Setting Control Points


First Control Point for Spot Color

5. Finishing the Black and White Travel Photo

The last steps in our process are burning the edges and/or adding a vignette to the photo using the tools available within Silver Efex Pro.  This is clearly a personal decision by the user but we have found it is better to do at this step after adding spot color. Save the image and now you have it in Lightroom to export as you please.  Total time to create this effect was less than 10 minutes.

The Story

This picture was captured while documenting a tour for the Canadian Governor General's Horse Guards memorial tour.  A stop was made at what was named Juno beach during World War II where the regiment had landed.  The solo British telephone booth on the beach was not a formal monument but became a monument for the efforts and losses suffered by the British Commonwealth troops on D-Day.  We decided on black and white because it seemed to better fit the time and place in history that it portrayed.  The red of course made the picture.  You can read more about the tour, which was actually a 100-Year Anniversary Memorial Tour of World War I battles fought by the Canadian regiment.  We were pleased to volunteer our time to document this historic event.  Don't forget to visit the Juno Beach Centre when visiting this area for a great tour about the beach landings and more.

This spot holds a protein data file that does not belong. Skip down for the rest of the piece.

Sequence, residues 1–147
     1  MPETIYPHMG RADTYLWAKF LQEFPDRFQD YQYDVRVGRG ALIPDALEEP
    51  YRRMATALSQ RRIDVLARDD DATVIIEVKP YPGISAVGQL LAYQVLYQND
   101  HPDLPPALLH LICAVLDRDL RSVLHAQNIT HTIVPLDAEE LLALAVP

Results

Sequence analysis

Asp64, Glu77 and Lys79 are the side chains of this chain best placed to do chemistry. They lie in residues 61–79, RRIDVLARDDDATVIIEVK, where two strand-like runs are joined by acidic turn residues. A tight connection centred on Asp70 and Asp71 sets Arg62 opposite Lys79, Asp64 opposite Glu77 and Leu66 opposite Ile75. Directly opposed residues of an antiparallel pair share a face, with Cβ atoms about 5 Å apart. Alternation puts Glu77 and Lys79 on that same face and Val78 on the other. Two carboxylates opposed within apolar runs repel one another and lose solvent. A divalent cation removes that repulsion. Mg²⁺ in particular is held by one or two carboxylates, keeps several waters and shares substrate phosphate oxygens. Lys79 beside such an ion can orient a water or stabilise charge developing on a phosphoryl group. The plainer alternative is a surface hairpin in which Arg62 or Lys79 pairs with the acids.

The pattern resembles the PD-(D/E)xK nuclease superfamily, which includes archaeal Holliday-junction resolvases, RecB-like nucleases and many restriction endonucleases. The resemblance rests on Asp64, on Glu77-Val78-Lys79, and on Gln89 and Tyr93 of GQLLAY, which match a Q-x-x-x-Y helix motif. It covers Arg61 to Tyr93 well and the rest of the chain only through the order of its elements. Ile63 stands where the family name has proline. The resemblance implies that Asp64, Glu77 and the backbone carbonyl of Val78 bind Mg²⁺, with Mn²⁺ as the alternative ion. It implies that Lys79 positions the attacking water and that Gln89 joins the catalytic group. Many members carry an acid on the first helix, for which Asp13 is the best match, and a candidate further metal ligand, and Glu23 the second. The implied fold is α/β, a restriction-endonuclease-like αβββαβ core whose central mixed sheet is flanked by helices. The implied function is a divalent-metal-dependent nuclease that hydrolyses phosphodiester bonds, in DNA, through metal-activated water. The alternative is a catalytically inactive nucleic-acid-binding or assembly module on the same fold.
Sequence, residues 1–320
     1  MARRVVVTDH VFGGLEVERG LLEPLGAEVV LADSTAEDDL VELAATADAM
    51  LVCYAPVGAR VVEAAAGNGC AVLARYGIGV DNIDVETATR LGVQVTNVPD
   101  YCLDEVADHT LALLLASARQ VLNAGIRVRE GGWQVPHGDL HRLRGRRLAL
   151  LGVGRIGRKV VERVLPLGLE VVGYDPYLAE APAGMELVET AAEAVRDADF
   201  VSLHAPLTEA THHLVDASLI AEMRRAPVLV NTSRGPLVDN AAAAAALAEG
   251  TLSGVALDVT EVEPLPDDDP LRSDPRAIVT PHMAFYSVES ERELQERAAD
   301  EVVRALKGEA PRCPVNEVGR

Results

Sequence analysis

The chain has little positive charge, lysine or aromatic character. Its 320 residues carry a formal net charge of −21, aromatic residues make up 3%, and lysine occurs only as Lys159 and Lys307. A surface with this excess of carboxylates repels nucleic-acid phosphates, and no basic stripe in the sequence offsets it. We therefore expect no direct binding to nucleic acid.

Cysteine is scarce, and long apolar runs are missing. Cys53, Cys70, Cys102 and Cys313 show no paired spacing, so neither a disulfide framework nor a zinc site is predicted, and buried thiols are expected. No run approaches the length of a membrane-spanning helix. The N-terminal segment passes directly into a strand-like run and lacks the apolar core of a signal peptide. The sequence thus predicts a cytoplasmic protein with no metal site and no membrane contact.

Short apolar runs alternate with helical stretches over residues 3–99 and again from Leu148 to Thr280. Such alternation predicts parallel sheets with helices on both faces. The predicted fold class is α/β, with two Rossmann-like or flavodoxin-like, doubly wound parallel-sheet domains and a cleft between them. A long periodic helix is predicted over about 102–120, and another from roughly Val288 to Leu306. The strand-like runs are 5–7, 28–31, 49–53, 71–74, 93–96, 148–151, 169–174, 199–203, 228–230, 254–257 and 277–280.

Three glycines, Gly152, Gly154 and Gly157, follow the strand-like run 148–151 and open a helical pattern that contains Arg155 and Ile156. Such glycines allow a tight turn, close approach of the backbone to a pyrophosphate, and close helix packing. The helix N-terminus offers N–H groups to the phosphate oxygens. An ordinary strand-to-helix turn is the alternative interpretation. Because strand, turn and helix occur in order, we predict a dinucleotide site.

We hope that this tutorial on how to bring spot color to your black and white travel photography has been helpful in improving your creative genius with photography.  If you have a photo that you think would look good in black and white with a spot of color but feel intimidated by the process, or don't have the tools, reach out to us in the comments and we will be happy to create one for you.  You can also stay tuned for more travel photography articles by joining our email list. Keep shooting but remember to put the camera down and take in the scenery and culture that surrounds you.

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More Black and White Spot Color Photos